The Bypass

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A second round of community consultation

In early April this year, Transport for NSW released their Strategic Corridor Workshops Report which summarises the outcomes of several workshops to arrive at 3 short-listed bypass corridors – Purple, Orange and Yellow.

3 short-listed bypass corridors – Purple, Orange and Yellow.

This is a new development. In May last year, Transport for NSW put forward only one preferred corridor – the Orange Corridor - as part of their Moruya Bypass Strategic Corridor Options Report. However, they received lots of criticism from the community about:

  • the consultation process they conducted during March/April 2020 and May 2021,
  • the level of information provided to the community about the selection process for the preferred bypass corridor, and their preferred Orange route.

They sought feedback on the 3 bypass corridor options as part of a second round of community consultation that started in April and ended on 13 June 2022.

The community consultation comprised online surveys, a corridor feedback form seeking comments on the 3-short-listed options and an interactive map that allowed people to comment directly on a map of these options. There were 3 community information sessions on Traffic and Noise, Landscape and Biodiversity and Flooding, as well as a Flood Focus group which met 3 times in May and June. In addition, Transport for NSW held stalls at the SAGE markets and Moruya Country markets as well as the Corrigan’s Beach market.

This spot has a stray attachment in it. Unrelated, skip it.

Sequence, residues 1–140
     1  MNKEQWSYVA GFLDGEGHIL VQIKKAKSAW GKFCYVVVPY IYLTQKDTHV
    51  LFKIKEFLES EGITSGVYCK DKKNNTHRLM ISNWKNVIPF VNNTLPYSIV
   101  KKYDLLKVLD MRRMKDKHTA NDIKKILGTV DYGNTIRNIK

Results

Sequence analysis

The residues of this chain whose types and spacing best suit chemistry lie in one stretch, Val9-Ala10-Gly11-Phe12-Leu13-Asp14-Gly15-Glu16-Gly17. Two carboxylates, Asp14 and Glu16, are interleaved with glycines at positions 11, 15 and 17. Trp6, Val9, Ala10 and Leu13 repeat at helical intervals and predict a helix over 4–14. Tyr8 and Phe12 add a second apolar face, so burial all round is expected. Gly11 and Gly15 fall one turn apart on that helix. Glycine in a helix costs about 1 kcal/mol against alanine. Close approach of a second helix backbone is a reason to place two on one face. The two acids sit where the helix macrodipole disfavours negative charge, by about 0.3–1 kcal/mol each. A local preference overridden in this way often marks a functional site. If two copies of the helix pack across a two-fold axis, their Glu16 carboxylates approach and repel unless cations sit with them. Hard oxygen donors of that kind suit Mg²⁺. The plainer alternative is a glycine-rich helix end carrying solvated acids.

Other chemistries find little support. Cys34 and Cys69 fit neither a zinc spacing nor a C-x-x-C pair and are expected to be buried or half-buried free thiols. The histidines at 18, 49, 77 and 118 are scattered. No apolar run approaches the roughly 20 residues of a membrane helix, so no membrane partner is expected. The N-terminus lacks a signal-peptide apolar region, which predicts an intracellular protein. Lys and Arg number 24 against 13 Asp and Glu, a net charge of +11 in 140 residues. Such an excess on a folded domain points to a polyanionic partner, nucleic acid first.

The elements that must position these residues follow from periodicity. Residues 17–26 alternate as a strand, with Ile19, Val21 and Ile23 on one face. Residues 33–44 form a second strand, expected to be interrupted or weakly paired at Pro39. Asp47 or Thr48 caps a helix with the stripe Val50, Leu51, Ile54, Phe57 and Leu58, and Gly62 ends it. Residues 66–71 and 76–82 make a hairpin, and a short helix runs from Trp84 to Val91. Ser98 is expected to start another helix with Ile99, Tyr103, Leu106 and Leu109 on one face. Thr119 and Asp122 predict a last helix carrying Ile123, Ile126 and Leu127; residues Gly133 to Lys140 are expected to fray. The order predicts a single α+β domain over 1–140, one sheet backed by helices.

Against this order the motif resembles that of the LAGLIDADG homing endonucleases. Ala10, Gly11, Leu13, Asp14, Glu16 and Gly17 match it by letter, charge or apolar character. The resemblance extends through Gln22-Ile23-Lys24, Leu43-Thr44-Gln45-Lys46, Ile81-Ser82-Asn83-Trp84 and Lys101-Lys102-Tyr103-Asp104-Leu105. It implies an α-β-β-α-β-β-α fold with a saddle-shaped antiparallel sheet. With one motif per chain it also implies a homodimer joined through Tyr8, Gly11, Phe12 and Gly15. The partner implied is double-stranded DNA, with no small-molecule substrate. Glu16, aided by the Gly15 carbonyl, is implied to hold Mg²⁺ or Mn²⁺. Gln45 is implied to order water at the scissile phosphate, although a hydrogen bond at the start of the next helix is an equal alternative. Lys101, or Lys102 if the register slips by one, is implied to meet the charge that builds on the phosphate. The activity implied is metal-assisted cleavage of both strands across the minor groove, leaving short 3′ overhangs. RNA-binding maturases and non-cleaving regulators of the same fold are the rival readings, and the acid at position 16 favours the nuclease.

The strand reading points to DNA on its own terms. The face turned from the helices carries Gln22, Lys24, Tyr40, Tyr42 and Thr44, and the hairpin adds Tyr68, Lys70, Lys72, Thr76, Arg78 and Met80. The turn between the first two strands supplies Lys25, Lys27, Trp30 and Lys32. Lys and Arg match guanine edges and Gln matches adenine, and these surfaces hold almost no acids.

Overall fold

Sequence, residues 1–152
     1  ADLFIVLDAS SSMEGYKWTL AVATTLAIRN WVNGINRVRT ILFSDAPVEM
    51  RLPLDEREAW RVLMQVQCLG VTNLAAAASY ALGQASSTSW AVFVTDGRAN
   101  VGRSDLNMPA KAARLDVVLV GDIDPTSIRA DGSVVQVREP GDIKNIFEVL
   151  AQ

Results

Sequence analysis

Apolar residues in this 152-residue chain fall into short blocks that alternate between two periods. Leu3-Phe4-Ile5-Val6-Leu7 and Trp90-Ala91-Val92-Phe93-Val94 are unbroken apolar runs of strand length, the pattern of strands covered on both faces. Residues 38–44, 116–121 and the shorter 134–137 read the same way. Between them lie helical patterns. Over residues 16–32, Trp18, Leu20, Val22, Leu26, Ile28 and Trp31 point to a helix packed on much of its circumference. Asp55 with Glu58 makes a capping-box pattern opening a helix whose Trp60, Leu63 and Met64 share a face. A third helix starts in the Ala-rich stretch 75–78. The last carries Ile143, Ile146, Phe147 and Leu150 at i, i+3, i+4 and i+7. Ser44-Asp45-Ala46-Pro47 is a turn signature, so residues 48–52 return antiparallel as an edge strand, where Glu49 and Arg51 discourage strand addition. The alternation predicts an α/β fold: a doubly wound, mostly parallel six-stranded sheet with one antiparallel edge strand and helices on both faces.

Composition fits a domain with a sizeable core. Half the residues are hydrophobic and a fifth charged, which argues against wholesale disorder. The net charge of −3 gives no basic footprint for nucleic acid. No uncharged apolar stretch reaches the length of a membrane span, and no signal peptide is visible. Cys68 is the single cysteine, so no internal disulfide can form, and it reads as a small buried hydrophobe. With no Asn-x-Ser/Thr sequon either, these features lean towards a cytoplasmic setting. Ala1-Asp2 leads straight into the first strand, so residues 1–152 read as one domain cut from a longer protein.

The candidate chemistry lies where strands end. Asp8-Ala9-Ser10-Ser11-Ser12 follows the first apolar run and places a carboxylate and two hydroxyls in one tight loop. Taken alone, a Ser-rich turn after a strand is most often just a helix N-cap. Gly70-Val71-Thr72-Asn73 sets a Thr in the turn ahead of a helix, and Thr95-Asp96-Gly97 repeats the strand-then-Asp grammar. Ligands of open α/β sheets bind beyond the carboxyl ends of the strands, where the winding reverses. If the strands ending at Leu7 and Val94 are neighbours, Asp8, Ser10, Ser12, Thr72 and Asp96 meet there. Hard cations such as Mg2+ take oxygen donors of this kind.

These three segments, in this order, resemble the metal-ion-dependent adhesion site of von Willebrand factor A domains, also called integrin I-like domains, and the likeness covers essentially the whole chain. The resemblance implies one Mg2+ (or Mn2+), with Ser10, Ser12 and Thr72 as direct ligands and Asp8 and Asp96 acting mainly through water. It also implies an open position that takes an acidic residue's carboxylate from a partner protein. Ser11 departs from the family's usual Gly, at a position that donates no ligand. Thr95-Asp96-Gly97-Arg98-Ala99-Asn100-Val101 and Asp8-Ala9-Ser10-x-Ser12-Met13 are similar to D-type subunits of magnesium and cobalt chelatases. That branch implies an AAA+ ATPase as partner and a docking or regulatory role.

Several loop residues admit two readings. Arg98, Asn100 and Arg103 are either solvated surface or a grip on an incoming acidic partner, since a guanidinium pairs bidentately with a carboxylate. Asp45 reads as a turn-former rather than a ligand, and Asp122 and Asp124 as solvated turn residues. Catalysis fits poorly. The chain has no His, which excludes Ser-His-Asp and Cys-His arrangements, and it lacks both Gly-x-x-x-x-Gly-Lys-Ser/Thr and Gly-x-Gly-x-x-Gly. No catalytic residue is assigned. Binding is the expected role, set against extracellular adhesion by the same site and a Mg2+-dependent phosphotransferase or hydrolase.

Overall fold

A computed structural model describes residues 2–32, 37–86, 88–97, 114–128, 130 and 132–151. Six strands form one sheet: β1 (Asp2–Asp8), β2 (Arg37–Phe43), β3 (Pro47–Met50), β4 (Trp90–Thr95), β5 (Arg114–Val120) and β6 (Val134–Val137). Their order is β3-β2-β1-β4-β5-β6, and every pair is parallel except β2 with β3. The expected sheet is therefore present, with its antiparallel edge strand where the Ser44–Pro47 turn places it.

MBAG members responded to the online surveys and provided comments on the interactive map, as well as the corridor feedback form. We attended all of the community information sessions and were represented on the Flood Focus Group. We were also present at the markets and had our own stall the Moruya markets.

We found that people had difficulties accessing the interactive map and leaving comments on it and that there was a poor response to the online business survey. The town centre survey was very basic and it is not clear what useful information it provided. Due to poor weather, the attendance at markets was tiny. The information provided to the community by Transport for NSW at these markets was very basic and there was no recording of any feedback from the community. Similarly, the community information sessions were poorly attended, the information provided was minimal and questions or comments from the community were not recorded.

MBAG members reviewed Transport for NSW’s Strategic Corridor Workshops report as well as the technical reports on the Transport for NSW website. Some of the technical reports were massive (500+ pages) and were beyond the understanding of most people in the community. Others were very preliminary and did not contain important detail which will only be gathered for the chosen bypass route at a later stage. None of the technical reports reflected recent modifications to the various bypass corridor options and were consequently out-dated.